At What Age Is Your Child Old Enough To Stay At Home Alone?

11 November 2014

Home Alone

It's not easy to determine when your child is old enough to stay at home alone, but one mother is fighting to have a police caution erased from her record, which she was given eight years ago for leaving her six-year-old son at home on his own for 45 minutes.

The law isn't particularly specific on the matter. According to the Children and Young Person's Act, parents can be prosecuted for leaving a child unsupervised 'in a manner likely to cause unnecessary suffering or injury to health’ but there is no legal age limit for leaving a child alone at home.

We've been discussing this among the Playpennies team and while we all agree that we wouldn't leave a six-year-old at home alone for any length of time, one of our gang was quick to point out that she feels this is an issue of privilege. "What are you supposed to do if you have to go to work and have no one to look after a sick child, for example?" she asks. "Some people really do have lack of options."

On the other hand, we've also heard our fair share of horror stories whereby children were left at home alone in seemingly safe situations but with tragic outcomes. Equally, one of our team recalls being left in charge of her siblings when she was around 7 years old. And for all that parents proclaim that they would never leave a child at home alone, I'm always surprised by the number of children you see left unattended in cars while their parents dash into a local shop. Is that really any different?

The NSPCC advises that children under the age of 12 are rarely mature enough to be left alone for a long period of time, while babies, toddlers and very young children should never be left unsupervised, and children under the age of 16 should not be left alone overnight.

The Daily Mail reports that the woman who left her son at home alone did so "while she had a driving lesson – her last before her driving test" and returned home to find the police on her doorstep after a nurse called at the house and the child opened the door. The mother consequently attended her local police station where she was given a caution, and says she has since struggled to secure a University place to train as a mental health nurse due to the impact of having a police caution on her record. She has said:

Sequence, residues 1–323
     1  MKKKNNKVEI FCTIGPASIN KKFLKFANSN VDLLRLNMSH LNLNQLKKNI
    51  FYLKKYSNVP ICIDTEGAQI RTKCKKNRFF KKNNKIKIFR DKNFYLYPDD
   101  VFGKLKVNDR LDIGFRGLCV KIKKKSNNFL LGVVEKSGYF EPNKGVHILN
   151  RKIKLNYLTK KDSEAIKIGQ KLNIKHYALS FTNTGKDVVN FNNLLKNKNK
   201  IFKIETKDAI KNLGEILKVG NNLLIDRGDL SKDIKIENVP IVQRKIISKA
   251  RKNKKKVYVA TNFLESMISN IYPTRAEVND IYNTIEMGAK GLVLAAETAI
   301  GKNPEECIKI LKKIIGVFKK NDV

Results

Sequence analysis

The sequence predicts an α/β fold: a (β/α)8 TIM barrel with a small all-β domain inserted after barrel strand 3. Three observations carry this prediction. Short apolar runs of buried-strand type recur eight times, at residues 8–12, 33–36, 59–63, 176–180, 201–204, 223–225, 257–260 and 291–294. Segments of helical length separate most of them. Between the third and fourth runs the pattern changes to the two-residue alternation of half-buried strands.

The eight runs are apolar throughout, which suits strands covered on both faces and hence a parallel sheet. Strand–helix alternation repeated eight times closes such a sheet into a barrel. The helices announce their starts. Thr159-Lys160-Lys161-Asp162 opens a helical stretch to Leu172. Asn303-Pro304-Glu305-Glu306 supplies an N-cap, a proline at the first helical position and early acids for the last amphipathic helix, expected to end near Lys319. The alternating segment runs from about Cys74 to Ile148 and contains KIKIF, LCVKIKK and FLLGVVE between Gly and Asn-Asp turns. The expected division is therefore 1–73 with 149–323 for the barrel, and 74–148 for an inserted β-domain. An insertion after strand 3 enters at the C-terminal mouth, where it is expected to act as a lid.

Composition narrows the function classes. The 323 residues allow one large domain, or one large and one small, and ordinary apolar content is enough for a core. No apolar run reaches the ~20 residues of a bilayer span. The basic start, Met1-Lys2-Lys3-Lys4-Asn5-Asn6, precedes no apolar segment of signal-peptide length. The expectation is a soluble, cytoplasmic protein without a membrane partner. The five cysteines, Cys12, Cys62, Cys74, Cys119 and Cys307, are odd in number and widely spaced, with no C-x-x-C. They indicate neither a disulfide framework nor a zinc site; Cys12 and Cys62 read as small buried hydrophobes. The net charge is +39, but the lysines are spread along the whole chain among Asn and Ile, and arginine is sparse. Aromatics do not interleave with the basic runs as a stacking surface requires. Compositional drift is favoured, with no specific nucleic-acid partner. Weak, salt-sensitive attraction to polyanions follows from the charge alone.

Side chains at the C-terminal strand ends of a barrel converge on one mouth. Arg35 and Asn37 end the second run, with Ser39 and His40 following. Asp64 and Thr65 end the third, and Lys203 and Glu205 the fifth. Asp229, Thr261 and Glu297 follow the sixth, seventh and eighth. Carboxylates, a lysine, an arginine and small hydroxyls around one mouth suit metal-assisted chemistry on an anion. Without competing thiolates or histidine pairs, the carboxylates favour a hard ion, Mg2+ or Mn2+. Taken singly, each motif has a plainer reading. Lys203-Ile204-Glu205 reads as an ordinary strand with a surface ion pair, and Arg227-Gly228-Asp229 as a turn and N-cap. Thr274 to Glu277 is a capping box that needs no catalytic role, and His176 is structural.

"I am now trying to get this removed. My son is 14, at school and absolutely fine." 

What's your view?

Image credit: Flickr/impetus2

2 comments

  • Mzeden
    I think some people need to get their priorities right. Your children come first. Before driving lessons, before work, before everything! To answer the question re leaving a sick child cos there's none to look after them and you have to go to work - you don't. You look after your sick child and go to work later when help turns up. No job should be more important than your kids.
  • danesbury
    I think some people need to get their priorities right. Your children come first. Before driving lessons, before work, before everything! To answer the question re leaving a sick child cos there's none to look after them and you have to go to work - you don't. You look after your sick child and go to work later when help turns up. No job should be more important than your kids.
    And what if going to work is the only thing that's going to put food on the table for that child later on? Or the only thing that's going to provide heating and shelter for that child? This is why it's a matter of privilege, sure if I'm a perfectly comfortable, middle class parent, with a stable job, then it's easy to say 'yeah sure, I'll stay and look after the child', but if you're being paid minimum wage, on a job that does pay sick leave, with no savings, it actually is necessary to go to work to look after that child. Tbh, I'd rather leave the child for a few hours so that they are fully fed, sheltered and warm than stay behind and look after them.

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